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What surveys say about the Super Bowl

Super Bowl Sunday is just around the corner. Soon big-box retailers will wheel out the football-shaped soda displays, sports bars will bolt down their barstools and television networks will field last-minute calls from desperate corporations looking to pay millions for mere seconds of airtime.

According to Statista, around 100 million people watch the National Football League's championship game each year. And seven of the eight most-watched broadcasts ever are Super Bowls. Americans are obsessed with football - according to the Associated Press, half consider themselves fans of the sport - but on a single Sunday each year, pig-skin fever blankets the entire country.

Retailers rejoice
Last year Americans spent approximately $15 billion on Super Bowl-related retail items. According to a National Retail Federation survey, the average person spent $77 on these purchases. Of course, food was the main concern for most - 80 percent of fans bought food items. And, an estimated 43 million people used these snacks to cater private Super Bowl parties.

Around 10 percent of fans also purchased NFL apparel. According to the NFL Players Association, they most likely purchased Russell Wilson-related gear, as the Seattle Seahawks star quarterback has held down the top spot on the organization's Top 50 Player Sales List for the last two seasons.

Air and screen time up for grabs
This year CBS has reserved a number of advertising slots for companies looking to nab coveted Super Bowl airtime in the eleventh hour, reported Adweek. These slots are 30 seconds long and cost $5 million a piece. Of course, brands will be knocking down the network's door to reserve these spots. According to Forbes, these massive spends are worth the risk, as a single advertisement has the potential to net millions of customers in a matter of seconds.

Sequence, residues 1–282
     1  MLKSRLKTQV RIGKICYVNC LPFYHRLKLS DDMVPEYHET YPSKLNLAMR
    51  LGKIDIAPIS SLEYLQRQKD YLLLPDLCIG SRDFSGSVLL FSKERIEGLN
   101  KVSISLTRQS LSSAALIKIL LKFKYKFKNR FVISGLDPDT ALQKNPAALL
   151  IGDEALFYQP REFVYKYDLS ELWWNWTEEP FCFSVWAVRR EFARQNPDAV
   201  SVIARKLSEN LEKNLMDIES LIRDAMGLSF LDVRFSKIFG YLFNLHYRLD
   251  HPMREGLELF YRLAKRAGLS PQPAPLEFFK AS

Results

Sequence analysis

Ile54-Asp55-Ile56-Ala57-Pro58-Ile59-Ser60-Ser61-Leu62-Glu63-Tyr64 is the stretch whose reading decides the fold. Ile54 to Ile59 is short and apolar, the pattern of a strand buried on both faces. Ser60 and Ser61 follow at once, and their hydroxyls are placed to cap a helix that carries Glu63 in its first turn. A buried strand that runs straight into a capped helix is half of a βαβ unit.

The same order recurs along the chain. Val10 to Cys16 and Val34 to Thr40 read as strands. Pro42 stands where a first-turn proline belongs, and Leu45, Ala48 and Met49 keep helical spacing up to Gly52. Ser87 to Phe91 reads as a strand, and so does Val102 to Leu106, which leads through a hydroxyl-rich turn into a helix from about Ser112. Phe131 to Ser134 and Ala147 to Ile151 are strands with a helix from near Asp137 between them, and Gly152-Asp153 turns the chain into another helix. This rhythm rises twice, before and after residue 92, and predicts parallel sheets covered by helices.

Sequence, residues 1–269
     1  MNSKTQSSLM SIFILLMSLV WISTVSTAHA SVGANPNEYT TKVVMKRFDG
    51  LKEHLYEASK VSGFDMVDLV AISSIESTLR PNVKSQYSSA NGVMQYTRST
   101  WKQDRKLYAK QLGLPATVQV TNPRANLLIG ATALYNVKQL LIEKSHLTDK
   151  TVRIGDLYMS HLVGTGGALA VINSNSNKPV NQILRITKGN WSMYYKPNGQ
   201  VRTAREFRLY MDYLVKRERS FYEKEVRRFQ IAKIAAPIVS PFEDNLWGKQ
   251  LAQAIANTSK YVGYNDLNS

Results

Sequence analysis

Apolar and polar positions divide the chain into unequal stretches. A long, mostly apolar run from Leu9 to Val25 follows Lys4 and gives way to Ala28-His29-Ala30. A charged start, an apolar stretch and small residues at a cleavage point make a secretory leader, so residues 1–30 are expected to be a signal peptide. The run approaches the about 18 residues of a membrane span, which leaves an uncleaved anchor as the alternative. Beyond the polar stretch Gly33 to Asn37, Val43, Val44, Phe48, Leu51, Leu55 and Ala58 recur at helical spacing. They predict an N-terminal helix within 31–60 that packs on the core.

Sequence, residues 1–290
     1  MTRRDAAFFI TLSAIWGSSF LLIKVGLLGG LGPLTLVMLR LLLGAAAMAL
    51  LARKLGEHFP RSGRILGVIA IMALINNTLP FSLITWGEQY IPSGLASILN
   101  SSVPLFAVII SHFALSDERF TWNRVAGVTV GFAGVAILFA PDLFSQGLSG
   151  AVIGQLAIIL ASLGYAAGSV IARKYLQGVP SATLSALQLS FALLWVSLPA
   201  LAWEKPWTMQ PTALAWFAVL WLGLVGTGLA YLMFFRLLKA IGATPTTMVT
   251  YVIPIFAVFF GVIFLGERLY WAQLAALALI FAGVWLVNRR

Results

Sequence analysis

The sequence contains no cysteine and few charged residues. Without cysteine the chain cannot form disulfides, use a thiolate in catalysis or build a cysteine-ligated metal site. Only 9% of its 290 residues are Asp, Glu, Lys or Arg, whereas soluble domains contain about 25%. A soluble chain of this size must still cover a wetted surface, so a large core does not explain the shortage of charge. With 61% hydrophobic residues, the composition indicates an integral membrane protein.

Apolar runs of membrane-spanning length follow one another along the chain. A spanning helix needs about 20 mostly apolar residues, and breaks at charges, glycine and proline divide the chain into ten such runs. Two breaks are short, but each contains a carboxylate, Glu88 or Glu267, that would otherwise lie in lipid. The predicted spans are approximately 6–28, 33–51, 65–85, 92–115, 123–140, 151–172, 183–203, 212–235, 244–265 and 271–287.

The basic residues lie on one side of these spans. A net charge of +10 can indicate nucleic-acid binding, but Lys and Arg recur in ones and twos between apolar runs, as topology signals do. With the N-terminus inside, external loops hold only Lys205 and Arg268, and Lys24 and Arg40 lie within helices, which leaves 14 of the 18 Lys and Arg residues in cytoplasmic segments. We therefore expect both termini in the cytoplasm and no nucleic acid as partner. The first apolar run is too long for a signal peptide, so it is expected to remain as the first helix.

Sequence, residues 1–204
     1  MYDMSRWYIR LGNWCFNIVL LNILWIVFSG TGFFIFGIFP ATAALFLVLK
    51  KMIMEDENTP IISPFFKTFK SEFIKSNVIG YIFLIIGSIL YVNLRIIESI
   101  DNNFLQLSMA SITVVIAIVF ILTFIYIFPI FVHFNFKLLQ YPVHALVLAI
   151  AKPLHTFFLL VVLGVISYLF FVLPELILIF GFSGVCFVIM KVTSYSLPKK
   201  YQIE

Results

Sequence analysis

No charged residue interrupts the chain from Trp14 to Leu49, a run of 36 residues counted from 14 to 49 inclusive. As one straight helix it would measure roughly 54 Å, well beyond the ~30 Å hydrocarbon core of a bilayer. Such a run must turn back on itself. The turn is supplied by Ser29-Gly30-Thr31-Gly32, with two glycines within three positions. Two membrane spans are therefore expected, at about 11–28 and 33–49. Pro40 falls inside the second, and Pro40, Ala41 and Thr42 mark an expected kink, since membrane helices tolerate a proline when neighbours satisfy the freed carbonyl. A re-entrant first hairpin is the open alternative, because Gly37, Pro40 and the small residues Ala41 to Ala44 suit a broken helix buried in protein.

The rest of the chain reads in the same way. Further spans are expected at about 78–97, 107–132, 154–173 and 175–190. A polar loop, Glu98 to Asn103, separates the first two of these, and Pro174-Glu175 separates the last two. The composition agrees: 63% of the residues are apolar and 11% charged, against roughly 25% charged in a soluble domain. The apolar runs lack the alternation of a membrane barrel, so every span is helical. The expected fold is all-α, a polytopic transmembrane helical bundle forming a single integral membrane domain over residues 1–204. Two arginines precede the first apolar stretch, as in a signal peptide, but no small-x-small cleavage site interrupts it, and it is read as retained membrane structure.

Brands have also embraced social media. As a result, Web-only Super Bowl advertisements are gaining considerable momentum. Volkswagen creates particularly effective online spots. The German car manufacturer produced two of the 10 most-shared Super Bowl Web advertisements ever.

Companies also use social media platforms to engage with Web-savvy viewers in real-time, publishing Facebook updates and posting brand-based tweets to create buzz. Last year, Twitter users posted 28.4 million tweets about the Super Bowl, reported Variety. Facebook users were even more connected, publishing 265 million posts, comments and likes related to the event.

Gambling on the game
According to a Gallup survey, 17 percent of Americans bet on professional sports. Of course, the Super Bowl is a key event for folks looking to cash in on their football knowledge. Last year, Nevada sports books managed $115 million in Super Bowl-related wagers. This number doesn't account for unofficial office pools. It also doesn't include winnings earned via fantasy sports, as pay-to-play fantasy contests are illegal on Super Bowl Sunday, reported Forbes.

Bettors should put their faith in the underdog. According to FiveThirtyEight, the lesser team has prevailed in 11 of the last 15 Super Bowls.

  


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